My Lords, what is happening is that surveys of alternative routes are being made, and the fact that surveyors are turning up with striped poles does not mean necessarily that the line of the road is going where they are surveying. That is one of the reasons why it is the policy of my right honourable friend that secrecy is maintained during the period of the survey, so that nobody gets any false ideas about what is happening and whether his land is likely to be blighted or not, and everybody is treated equally. But when the draft is laid it is at that point that public consultation starts. The Minister at that point consults the local public directly when he publishes his proposals in draft. He is at that point obliged to consider objections, which means that he is definitely not committed at that stage to his published proposals.


My Lords, in these circumstances would it not be well for the Minister to make this policy of his widely known, because there is disturbance locally when people with striped poles are going about and nobody quite knows what is happening and suspicion becomes rife? I should have thought a public statement at that time would quell at any rate some of these doubts and fears.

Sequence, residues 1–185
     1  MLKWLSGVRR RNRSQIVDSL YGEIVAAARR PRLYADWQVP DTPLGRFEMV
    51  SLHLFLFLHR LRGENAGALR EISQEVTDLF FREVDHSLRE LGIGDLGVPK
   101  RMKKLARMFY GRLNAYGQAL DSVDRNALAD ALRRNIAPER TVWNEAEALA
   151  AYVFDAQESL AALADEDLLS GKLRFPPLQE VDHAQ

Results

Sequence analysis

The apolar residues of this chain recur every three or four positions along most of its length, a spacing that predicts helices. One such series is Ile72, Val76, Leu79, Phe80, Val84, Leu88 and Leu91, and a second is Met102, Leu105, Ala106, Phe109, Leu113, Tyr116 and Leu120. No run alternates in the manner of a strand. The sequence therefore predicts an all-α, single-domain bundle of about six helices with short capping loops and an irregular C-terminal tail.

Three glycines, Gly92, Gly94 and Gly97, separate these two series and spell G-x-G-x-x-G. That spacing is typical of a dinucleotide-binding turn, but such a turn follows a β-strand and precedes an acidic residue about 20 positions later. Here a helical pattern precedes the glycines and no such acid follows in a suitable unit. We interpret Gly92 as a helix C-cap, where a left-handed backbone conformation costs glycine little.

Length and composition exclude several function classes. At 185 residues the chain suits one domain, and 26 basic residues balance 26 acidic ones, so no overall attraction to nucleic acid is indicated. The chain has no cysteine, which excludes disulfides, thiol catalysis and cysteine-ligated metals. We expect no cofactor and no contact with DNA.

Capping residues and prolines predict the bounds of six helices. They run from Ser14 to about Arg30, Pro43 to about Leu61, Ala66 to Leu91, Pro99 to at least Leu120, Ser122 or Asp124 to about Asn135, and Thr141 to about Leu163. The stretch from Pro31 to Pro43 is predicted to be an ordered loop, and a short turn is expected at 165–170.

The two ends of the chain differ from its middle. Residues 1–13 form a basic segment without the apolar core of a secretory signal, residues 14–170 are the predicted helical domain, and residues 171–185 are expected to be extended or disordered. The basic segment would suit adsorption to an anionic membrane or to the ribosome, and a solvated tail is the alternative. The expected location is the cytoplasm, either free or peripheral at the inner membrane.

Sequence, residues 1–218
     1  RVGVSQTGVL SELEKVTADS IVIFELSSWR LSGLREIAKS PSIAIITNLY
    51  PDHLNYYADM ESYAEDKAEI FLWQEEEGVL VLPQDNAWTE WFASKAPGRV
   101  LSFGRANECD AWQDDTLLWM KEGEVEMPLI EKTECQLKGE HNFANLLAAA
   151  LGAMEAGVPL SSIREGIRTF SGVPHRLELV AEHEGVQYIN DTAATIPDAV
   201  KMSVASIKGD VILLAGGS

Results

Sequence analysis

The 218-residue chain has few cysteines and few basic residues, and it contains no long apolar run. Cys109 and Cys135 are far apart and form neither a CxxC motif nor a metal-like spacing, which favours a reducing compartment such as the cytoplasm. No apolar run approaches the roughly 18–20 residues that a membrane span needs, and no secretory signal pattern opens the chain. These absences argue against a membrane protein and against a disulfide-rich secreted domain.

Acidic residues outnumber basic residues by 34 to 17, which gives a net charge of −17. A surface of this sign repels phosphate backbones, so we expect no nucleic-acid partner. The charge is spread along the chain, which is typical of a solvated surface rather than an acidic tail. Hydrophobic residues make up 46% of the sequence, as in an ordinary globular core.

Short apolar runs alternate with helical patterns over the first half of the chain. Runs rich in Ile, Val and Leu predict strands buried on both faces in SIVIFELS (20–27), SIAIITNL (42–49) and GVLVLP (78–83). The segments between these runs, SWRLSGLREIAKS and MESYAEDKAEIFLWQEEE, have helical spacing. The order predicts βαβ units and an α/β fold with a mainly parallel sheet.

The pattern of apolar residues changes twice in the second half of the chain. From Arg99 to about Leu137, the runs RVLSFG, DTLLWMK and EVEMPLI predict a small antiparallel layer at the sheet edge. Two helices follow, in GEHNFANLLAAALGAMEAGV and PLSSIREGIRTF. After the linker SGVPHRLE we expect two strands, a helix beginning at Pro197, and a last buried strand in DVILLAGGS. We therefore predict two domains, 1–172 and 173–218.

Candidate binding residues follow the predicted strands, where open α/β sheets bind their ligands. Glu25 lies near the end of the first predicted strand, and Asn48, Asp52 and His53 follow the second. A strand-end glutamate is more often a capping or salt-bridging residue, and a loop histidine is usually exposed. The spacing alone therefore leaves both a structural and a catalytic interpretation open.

My Lords, in view of the fact that a friend of mine woke up the other day and found a house burnt down—the future of this house was under active discussion—would he draw the attention of the Secretary of State for Scotland to the necessity of close contact among all Government Departments, county councils and private individuals?


My Lords, may I first reply to the noble Lord, Lord Brooke of Cumnor? I think that what he says is of importance. I believe that among professionals this situation is in fact pretty widely known. The divisional road engineer in this particular case wrote to the surveyor of the Cumberland County Council before all this started, so the county surveyor was informed of the policy. I agree with the noble Earl that a little co-ordination among the various bodies concerned would be helpful.